According to software developed by New York-based 360i, Google Home is six times more likely to answer your question than Amazon Alexa -- its biggest competitor. Adweek reports: It's relatively surprising, considering that RBC Capital Markets projects Alexa will drive $10 billion of revenue to Amazon by 2020 -- not to mention the artificial intelligence-based system currently owns 70 percent of the voice market. 360i's proprietary software asked both devices 3,000 questions to come to the figure. While Amazon Alexa has shown considerable strength in retail search during the agency's research, Google won the day thanks to its unmatched search abilities.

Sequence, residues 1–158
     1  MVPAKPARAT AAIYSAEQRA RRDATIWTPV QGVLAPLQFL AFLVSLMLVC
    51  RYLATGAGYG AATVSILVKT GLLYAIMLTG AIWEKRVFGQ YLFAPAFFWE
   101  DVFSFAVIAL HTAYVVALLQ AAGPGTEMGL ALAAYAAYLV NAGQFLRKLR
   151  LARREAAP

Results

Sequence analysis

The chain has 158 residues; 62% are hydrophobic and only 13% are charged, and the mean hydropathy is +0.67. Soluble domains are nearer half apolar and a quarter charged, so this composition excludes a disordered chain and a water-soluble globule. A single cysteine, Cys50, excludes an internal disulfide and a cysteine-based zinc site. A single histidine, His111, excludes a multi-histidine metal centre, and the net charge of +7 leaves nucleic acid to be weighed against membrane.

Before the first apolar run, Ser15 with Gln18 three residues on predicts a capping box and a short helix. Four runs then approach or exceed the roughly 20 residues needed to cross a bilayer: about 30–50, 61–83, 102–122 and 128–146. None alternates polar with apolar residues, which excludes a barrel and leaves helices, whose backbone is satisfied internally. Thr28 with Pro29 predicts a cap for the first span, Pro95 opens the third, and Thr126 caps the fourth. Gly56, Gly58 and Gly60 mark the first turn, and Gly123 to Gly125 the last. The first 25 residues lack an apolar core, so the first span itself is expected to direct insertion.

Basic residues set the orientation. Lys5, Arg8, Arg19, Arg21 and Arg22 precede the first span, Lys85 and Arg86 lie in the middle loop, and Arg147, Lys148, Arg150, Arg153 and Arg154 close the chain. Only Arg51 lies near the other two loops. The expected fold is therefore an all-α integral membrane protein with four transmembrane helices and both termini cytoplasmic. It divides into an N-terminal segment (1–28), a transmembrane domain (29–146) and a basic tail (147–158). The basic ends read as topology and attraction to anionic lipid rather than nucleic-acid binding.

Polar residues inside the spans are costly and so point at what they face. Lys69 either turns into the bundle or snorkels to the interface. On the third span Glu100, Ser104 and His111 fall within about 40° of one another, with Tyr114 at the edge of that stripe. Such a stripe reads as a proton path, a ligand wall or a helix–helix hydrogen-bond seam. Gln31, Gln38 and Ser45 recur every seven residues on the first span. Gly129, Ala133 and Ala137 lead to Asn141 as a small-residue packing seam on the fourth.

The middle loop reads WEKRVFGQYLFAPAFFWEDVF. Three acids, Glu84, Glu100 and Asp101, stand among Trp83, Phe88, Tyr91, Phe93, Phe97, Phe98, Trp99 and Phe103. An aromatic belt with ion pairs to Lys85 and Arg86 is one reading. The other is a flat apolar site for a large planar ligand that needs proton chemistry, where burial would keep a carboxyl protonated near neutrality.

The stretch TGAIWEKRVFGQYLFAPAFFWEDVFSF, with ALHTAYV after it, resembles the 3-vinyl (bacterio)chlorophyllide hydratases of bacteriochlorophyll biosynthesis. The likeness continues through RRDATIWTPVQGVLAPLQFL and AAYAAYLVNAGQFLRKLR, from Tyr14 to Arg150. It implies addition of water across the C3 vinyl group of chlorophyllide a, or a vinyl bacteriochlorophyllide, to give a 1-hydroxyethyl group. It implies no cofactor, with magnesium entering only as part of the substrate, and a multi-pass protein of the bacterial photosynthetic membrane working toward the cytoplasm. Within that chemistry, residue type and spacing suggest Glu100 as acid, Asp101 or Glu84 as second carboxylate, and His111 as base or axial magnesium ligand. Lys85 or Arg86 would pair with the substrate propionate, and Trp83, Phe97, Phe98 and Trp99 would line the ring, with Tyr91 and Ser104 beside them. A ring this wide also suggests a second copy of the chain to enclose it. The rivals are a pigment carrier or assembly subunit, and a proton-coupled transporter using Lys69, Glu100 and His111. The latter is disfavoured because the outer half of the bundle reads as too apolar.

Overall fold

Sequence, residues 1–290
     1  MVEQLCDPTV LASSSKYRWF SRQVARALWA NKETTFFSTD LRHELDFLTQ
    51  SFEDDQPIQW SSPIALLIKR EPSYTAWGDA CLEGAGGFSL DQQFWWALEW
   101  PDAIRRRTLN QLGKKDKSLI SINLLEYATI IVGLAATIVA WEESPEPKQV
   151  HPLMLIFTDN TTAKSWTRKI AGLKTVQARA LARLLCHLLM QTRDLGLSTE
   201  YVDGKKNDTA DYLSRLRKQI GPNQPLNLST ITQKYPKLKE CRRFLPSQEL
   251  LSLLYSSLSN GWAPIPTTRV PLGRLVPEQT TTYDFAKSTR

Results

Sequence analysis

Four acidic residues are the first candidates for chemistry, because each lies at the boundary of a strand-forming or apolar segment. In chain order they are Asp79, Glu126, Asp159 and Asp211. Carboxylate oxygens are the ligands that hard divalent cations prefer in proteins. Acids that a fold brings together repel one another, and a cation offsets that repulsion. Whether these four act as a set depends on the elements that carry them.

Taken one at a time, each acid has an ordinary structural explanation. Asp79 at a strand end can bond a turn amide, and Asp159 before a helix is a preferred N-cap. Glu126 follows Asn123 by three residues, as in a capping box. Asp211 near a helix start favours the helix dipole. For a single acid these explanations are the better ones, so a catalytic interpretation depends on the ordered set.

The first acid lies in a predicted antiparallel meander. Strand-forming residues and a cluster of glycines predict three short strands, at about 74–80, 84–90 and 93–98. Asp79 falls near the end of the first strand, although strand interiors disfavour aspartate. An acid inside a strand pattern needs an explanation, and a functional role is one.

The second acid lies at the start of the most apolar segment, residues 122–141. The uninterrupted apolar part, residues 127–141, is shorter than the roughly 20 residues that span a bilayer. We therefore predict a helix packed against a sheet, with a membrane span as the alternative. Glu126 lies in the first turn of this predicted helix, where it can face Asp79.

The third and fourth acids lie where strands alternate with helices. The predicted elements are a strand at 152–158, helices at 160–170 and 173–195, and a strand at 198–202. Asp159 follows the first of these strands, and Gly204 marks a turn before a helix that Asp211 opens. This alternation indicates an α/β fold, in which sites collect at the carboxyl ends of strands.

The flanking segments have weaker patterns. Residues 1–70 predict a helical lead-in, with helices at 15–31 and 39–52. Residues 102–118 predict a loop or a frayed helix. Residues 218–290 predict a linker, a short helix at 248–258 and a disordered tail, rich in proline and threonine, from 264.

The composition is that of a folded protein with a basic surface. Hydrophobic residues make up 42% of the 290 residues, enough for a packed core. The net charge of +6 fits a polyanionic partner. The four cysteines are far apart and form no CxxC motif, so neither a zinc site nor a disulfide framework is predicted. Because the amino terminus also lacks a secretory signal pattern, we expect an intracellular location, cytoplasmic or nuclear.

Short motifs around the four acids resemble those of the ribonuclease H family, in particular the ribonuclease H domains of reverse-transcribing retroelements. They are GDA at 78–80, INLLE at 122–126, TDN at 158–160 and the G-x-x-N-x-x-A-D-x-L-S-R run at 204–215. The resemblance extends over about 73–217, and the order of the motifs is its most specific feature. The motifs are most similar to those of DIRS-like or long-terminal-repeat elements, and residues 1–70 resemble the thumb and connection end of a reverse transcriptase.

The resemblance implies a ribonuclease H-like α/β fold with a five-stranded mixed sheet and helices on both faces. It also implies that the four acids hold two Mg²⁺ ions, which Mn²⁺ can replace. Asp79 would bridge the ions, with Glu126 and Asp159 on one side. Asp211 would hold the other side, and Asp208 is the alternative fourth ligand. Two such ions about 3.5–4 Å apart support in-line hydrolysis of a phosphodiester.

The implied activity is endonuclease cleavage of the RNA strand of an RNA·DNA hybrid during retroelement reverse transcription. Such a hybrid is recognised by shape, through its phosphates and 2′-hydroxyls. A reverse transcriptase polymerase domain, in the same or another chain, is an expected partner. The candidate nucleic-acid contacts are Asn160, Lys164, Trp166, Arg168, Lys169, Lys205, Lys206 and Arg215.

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An anonymous reader quotes a report from Motherboard: In one of the biggest wins for the right to repair movement yet, the U.S. Copyright Office suggested Thursday that the U.S. government should take actions to make it legal to repair anything you own, forever -- even if it requires hacking into the product's software. Manufacturers -- including John Deere, Ford, various printer companies, and a host of consumer electronics companies -- have argued that it should be illegal to bypass the software locks that they put into their products, claiming that such circumvention violated copyright law. Thursday, the U.S. Copyright Office said it's tired of having to deal with the same issues every three years; it should be legal to repair the things you buy -- everything you buy -- forever. "The growing demand for relief under section 1201 has coincided with a general understanding that bona fide repair and maintenance activities are typically non infringing," the report stated. "Repair activities are often protected from infringement claims by multiple copyright law provisions." "The Office recommends against limiting an exemption to specific technologies or devices, such as motor vehicles, as any statutory language would likely be soon outpaced by technology," it continued.